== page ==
Both Intel Corp. and Microsoft Corp. have promised sub-$100 media tablets based on Intel Atom system-on-chips and Microsoft Windows 8.1 operating system in a bid to fight slates powered by ARM application processors and Google Android platform. Apparently, the strategy works and even exceeds expectations. At present a store in the U.S. sells a rather powerful “Wintel” tablet for just $59.99 (£37).
The WinBook TW70CA17 tablet is clearly not the best slate money can buy, but it seems to be rather powerful. The media tablet is equipped with a 7” IPS touchscreen display with 1280*800 resolution and is based on a quad-core Intel Atom Z3735G “Bay Trail-T” application processor (1.33GHz). The device is equipped with 1GB of DDR3 RAM, 16GB of NAND flash storage (microSD card slot is also present), 802.11b/g/n Wi-Fi, Bluetooth 4.0, 2MP front and rear cameras, gyroscope, speaker, microphone, USB 2.0/microUSB connectors and so on. The 7” tablet is 1.1cm thick and weighs 350 grams.
The low-cost WinBoook TW70CA17 slate can be purchased for $59.99 at Micro Center, a U.S. retailer. While the deal lasts only for three days, it is clear that Micro Center and WinBook do not sell the slate at a loss, which means it is possible that eventually tablets powered by quad-core Intel Atom processors and Windows 8.1 operating systems will drop to around $60 price-points.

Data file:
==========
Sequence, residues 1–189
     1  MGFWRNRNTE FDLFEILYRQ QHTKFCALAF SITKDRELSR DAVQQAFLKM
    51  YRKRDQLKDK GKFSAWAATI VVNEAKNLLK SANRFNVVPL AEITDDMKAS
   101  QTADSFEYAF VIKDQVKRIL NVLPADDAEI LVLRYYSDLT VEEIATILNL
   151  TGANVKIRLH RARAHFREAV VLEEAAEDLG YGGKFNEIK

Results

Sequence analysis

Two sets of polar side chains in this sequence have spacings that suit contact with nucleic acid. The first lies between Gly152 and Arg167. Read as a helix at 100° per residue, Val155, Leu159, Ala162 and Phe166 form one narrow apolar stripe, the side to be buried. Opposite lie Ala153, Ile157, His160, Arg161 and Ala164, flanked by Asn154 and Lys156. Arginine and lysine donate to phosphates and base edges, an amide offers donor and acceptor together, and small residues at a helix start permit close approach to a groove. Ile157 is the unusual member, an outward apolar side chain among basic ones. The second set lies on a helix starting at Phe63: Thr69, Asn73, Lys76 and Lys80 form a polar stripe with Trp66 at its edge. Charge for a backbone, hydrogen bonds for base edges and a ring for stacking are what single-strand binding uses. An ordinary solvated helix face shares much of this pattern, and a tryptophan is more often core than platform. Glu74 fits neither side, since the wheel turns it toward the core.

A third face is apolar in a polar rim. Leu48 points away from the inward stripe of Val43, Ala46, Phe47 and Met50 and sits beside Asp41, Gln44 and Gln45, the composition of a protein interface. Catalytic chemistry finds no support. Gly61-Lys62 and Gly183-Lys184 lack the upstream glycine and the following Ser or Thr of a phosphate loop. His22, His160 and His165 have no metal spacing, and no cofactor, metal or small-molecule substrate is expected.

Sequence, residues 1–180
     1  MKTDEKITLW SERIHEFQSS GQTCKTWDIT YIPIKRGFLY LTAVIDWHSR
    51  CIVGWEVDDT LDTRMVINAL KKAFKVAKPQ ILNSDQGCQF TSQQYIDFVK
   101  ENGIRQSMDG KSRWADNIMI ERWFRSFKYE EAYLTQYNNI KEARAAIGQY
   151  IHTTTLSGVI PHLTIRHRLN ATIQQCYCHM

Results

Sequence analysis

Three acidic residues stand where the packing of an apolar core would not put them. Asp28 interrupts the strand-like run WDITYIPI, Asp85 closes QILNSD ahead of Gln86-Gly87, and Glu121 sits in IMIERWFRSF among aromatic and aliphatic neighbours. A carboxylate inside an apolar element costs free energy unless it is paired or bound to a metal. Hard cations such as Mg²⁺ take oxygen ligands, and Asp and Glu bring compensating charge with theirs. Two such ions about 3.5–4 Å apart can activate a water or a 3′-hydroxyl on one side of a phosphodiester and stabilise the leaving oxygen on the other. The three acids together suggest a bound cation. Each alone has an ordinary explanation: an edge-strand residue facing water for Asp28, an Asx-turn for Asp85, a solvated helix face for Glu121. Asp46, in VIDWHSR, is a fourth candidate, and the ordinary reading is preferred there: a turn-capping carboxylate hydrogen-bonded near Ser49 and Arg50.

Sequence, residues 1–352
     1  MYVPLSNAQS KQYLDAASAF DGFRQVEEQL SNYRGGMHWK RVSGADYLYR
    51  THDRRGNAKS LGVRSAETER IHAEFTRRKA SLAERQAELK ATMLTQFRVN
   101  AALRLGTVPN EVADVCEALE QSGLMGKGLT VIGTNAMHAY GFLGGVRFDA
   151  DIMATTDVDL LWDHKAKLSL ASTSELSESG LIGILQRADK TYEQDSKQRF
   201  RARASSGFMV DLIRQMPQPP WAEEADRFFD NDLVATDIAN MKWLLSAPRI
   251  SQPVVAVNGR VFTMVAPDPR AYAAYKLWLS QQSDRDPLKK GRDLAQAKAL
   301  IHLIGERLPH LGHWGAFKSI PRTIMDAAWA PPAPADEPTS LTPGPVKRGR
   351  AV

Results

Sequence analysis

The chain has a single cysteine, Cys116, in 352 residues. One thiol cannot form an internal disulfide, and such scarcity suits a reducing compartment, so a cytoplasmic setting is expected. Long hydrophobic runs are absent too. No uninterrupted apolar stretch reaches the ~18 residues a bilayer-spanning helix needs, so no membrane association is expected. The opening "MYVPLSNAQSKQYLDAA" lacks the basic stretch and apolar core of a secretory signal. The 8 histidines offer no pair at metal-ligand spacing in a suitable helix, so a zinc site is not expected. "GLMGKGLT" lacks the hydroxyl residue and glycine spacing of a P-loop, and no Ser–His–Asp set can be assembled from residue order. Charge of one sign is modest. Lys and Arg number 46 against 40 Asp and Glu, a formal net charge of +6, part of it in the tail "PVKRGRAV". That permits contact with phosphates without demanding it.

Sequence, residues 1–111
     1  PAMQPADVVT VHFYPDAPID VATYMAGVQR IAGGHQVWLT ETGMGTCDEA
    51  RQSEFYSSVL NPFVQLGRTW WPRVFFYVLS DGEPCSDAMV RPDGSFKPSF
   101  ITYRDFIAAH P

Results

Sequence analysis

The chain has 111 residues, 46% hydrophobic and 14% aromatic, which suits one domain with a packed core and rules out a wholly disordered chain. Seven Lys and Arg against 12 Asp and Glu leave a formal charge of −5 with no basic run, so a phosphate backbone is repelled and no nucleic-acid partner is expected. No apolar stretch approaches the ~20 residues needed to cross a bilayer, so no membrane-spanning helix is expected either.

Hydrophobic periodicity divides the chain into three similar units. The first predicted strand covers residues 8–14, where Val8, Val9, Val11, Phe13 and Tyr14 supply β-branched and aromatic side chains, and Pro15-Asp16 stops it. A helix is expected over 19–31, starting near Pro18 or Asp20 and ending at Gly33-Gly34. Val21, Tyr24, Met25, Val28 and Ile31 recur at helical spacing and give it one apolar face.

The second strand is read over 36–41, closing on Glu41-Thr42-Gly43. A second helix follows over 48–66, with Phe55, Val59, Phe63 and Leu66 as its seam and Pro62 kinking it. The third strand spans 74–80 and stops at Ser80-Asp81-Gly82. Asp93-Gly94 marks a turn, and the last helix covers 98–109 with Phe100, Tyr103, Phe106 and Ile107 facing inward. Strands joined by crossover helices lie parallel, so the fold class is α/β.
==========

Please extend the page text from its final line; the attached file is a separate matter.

In fact, cheap tablets are nothing new. Overclockers UK sells its own-brand slates for £37.99 – £59.99 including VAT, whereas Micro Center carries Android-based 7″ devices that are priced at $39.99.
The problem is that ultra-cheap tablets with Google Android operating system and ARM-powered SoCs inside usually feature completely outdated processors (e.g., dual-core ARM Cortex A9), poor screens with 1024*600 resolution, 8GB of NAND flash, insufficient amount of RAM and so on. By contrast, thanks to powerful hardware and highly-optimized Windows 8.1 operating system, actual user experience on tablets like WinBook TW70CA17 should be better than that on ARM/Android-based slates.
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KitGuru Says: In a bid to create a $59.99 tablet with a quad-core Intel Atom SoC and Microsoft Windows 8.1, the chipmaker has to sell its application processors at manufacturing cost without making money, whereas software maker has to give away Windows license for free. Not exactly a good way to fight for market share, but thanks to that customers can enjoy very affordable prices.